Chewing and digging are natural rabbit behaviours. Some rabbits seem to enjoy these activities more than others, however. Unspayed and unneutered rabbits, as well as young adolescents, for example, seem to enjoy them the most. The key to dealing with chewing and digging is to provide diversions from your antique dresser, colonial baseboards or favourite armchair. Items such as unwaxed cardboard, digging boxes filled with hay or shredded newspaper, paper bags, or pieces of untreated pine attached to your rabbit’s cage can provide such diversions.
Carpet is also a favourite item for digging and chewing, but it’s not healthy for your rabbit to ingest the fibres or for your wallet
to pay for the repairs. If you have a rabbit who likes to chew carpet, put old blankets, pieces of cardboard or untreated grass mats over the areas that seem to being attracting too much attention. If your rabbit is really persistent, block his access to that area if possible.
Some rabbits also really enjoy chewing baseboards and wall corners. Clear plastic corner guards, which can be purchased from stores such as Home Depot, can be cut to length, and adhered to your wall. These work well to protect many right-angled surfaces.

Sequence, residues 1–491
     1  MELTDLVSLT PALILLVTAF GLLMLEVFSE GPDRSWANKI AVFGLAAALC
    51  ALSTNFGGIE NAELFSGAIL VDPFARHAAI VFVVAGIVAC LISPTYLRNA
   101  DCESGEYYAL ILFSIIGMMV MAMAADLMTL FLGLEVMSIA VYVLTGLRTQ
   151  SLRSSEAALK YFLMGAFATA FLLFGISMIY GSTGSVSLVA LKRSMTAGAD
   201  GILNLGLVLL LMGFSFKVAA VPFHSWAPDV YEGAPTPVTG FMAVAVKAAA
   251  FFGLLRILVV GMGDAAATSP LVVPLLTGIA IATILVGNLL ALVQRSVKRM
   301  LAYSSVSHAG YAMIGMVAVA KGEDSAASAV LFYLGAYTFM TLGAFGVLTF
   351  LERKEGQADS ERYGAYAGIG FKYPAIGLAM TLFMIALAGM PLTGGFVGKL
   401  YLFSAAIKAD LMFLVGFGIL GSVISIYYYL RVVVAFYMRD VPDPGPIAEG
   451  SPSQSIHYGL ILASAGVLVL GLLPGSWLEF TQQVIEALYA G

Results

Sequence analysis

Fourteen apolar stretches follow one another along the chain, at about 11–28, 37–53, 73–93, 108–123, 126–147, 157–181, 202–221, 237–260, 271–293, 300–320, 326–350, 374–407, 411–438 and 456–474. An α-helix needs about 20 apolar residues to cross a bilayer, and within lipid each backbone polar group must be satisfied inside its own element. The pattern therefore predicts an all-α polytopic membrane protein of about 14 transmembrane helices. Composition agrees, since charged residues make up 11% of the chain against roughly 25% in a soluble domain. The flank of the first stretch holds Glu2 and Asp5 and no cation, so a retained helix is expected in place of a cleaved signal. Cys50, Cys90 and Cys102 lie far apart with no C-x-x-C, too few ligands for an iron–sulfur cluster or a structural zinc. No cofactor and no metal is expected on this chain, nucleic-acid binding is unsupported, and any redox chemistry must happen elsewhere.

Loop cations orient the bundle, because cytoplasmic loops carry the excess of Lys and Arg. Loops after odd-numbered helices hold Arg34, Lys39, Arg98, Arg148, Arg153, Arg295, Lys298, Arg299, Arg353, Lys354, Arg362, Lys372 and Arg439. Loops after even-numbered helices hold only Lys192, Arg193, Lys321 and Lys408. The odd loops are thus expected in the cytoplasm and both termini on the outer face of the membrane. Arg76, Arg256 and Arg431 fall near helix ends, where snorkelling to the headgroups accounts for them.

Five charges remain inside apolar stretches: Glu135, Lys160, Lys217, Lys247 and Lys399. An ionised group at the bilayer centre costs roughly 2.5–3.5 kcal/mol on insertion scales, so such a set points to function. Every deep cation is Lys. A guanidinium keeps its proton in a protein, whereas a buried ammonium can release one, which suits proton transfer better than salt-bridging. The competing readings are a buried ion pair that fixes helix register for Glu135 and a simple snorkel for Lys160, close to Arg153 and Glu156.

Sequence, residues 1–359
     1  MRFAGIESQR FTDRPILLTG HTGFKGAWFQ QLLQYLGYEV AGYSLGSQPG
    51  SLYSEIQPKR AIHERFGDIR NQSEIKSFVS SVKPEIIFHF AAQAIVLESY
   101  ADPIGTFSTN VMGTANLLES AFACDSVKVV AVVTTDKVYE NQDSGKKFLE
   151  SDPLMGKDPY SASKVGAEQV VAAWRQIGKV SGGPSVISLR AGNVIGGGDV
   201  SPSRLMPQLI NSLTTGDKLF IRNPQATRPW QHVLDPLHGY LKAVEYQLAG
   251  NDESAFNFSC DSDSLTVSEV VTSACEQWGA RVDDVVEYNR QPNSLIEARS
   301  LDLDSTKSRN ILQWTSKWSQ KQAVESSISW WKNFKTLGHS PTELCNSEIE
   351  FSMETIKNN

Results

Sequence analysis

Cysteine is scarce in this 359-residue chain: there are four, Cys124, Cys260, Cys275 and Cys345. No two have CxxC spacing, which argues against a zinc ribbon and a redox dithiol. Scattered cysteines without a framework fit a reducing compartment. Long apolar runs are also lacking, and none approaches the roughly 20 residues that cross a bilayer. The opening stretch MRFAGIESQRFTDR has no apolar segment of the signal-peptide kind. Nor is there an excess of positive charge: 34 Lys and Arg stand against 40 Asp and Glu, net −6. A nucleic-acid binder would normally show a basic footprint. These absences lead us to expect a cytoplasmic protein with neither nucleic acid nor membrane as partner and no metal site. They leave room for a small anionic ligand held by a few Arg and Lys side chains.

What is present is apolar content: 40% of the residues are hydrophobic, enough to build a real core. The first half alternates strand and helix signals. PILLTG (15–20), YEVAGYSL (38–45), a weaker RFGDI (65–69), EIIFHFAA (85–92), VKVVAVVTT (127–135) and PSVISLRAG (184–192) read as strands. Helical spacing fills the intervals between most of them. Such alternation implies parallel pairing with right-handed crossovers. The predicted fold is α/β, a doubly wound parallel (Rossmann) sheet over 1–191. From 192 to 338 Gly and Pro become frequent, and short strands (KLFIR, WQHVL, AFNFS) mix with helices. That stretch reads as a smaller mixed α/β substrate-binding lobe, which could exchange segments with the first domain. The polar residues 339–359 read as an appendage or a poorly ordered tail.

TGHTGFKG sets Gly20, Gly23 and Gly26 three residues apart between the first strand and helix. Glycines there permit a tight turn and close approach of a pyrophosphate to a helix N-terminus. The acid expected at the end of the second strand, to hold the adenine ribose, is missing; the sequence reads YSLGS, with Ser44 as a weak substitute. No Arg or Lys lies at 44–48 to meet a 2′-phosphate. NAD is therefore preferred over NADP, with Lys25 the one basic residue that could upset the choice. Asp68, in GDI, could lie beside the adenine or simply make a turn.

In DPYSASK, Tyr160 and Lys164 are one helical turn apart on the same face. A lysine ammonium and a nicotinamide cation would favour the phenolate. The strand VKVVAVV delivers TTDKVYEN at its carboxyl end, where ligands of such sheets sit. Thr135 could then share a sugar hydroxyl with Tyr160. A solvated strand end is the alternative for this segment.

Fruit tree branches like apple or willow and aspen branches provide tasty diversions from your baseboards, but cherry, apricot, peach, and plum branches (fruits with pits) are toxic unless they are removed from the tree and aged for a month. Make sure the branches you choose are from a tree that you know has not been treated with pesticides.
Some people include aversion therapy in their attempts to curb constant chewing and digging. This involves applying a strong smelling or foul tasting deterrent, such as lemon juice, bitter apple, vinegar, perfume or soap, to objects that are being chewed or scratched. Never use toxic substances as deterrents, and always apply a small amount of the substance to an inconspicuous area of the item being chewed or scratched to test for colour fastness or staining. Some rabbits have been known to develop a taste for these strong smelling, foul tasting would-be offenders, so try them on a small area first to see if the substance gets a thumbs up or a thumbs down from your rabbit.
When you see your bunny sampling your furniture tell him “NO” in a stern manner. Immediately replace the object he is chewing with an appropriate chew toy and praise him when he chews his toy. If your bunny repeatedly returns to your furniture and doesn’t seem to get the idea after several attempts are made to offer an appropriate chew toy, try a short time out in his cage. Never hit your rabbit.